Monday, November 9, 2009

Dead Alive or Braindead (Review)

     I'm always looking for new, or new to me, zombie movies, so my Netflix queue is ripe with potentially disappointing, less than B-movie grade, suck fests.  I had slightly higher hopes, however, for one of Peter 'Nerd of the Rings' Jackson's early works, "Braindead" or "Dead Alive," as it is known in the US, and I was actually surprised at how bad a lot of this movie wasn't, and very surprised at how bad other parts were.

     Written and directed by Peter Jackson, "Dead Alive" is a lot of plot and the goriest, bloodiest, and sickest ending I have ever seen.  After watching this movie, I sincerely hope that Peter Jackson has since gotten some serious, psychiatric help. 

     "Dead Alive" is about a timid man, living with his (s)mother.  The mother gets bitten by the worst special effect in the entire movie, a stop motion, cursed, Sumatran rat-monkey, and she slowly degraded into an undead, zombie like creature.  She then kills her nurse and turns her into a zombie as well, and we are halfway through the movie with very little action and almost no zombies.  Another quarter of the way in, and we have three more zombies and an hint of the twisted depravity to come in the form of a newly born zombie baby, which is the product of zombie 'love.'  (Really Mr. Jackson, really?)  The last quarter is a non stop blood bath with unspeakable atrocities being committed upon zombie and human alike.

     Now, don't get me wrong.  I'm not opposed to a good blood bath, and I understand that we are not supposed to be taking this movie seriously.  Any time that a zombie's intestinal tract spills out on the bathroom floor, and then begins to pursue the main character, taking on a distinct, zombie persona of its own, I realize that this is not a serious horror movie.  The problem that I had with "Dead Alive," however, was that it seemed like every single kill, of any type, had to be unique.  The entire last quarter of this movie was almost like a neglected child, crying out for attention, and when he does not get any, he commits ever increasingly, disturbing acts in the hope that, surely, they won't be able to ignore this or, even worse, like there is no one there to control Peter Jackson's imagination and he is feeding on himself, trying to outdo every kill with the next kill, with no limit to just how depraved it might become.  There is no one to say, "Hey, maybe we shouldn't have the zombie explode and liquefy as it hits the ground" or "Hey, maybe they shouldn't keep kicking the upper half of that guy's head around" or even, "Hey, maybe we don't need to shred zombies in a lawnmower."  Once again, normally, I wouldn't have a problem with any one, or even some of what happens in the last quarter of "Dead Alive," however, with each zombie kill more gruesome and bloody than the previous ones, it rapidly reached a point where I had had enough, and Peter Jackson, it seems, was just getting warmed up.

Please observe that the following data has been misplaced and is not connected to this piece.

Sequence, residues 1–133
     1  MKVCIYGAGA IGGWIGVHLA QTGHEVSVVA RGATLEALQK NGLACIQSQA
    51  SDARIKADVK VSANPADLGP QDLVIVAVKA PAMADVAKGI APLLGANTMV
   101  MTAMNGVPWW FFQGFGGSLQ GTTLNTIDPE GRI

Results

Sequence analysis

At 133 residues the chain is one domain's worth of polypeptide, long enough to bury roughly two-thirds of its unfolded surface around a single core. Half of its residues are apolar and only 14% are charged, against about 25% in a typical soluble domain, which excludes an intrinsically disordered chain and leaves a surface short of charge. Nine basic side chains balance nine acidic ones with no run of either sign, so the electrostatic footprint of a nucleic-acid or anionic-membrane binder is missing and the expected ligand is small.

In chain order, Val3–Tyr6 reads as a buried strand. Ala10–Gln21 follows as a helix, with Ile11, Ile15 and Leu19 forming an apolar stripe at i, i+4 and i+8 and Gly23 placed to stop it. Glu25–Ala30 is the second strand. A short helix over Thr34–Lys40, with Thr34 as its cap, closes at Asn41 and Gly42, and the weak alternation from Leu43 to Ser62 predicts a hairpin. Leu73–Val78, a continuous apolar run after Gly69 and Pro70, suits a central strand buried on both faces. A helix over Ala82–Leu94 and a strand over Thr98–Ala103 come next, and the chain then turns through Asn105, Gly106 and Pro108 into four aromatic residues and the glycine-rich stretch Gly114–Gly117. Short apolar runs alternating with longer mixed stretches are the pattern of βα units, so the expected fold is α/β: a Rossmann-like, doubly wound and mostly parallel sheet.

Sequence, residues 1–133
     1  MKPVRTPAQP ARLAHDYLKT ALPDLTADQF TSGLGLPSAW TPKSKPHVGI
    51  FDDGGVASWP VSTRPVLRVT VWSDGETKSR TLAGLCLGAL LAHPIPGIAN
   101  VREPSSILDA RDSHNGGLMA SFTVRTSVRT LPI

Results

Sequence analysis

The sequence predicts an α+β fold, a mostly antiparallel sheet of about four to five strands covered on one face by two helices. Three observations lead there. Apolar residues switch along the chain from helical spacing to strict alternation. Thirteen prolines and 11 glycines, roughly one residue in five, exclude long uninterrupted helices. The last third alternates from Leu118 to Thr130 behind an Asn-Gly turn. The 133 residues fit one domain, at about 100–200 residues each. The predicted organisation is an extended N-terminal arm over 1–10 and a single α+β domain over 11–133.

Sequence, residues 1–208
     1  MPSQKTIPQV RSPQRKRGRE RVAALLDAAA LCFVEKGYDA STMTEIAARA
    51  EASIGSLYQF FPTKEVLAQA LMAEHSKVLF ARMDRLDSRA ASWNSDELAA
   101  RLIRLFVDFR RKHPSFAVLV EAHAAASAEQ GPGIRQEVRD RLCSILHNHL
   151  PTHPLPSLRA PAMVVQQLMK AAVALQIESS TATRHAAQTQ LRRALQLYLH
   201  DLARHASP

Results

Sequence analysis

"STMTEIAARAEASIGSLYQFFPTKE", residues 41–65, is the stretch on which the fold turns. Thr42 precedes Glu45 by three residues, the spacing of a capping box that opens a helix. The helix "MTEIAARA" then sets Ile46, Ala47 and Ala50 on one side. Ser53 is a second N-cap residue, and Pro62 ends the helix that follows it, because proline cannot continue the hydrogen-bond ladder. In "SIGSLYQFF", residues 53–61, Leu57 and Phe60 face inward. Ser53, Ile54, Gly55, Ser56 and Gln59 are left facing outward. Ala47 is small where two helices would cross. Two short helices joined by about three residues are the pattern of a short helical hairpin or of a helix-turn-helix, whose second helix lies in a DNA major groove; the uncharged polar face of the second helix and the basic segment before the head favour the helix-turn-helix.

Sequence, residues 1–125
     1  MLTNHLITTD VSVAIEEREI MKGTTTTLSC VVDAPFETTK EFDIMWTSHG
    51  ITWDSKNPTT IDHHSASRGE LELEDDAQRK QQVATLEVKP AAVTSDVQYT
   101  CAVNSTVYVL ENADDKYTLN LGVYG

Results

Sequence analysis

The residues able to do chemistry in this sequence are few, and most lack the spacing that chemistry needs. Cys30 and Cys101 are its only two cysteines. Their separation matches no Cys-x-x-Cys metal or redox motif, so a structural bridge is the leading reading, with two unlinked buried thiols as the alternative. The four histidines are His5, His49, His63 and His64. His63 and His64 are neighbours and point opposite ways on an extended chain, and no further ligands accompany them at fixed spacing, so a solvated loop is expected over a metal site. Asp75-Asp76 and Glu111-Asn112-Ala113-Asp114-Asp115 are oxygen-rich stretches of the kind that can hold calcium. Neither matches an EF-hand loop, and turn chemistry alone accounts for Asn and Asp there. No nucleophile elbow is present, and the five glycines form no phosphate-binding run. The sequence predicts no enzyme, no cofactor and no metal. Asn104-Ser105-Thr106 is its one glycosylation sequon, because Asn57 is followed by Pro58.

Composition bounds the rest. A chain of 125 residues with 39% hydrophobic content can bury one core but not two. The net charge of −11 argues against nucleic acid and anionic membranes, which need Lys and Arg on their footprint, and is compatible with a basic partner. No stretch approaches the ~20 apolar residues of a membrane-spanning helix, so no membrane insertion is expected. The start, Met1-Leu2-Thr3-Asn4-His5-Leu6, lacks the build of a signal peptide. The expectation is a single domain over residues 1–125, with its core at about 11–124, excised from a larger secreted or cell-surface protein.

On a more positive note, I do have to give Mr. Jackson credit where credit is due.  For an extremely low budget, campy, gore-fest, the story is better than it should be, the characters are better than they should be, and the special effects, while completely disgusting, are better and more realistic than B-movies with much larger budgets.  Peter Jackson is a talented movie maker, and it shows in this early work.  (He's also one sick puppy.)

     Fans of disgusting splatter-fests and gore will want to see "Dead Alive" again and again.  Everyone else, I'd suggest you just skip it, or self medicate first.  (Don't do drugs, kids, and don't watch "Dead Alive.")

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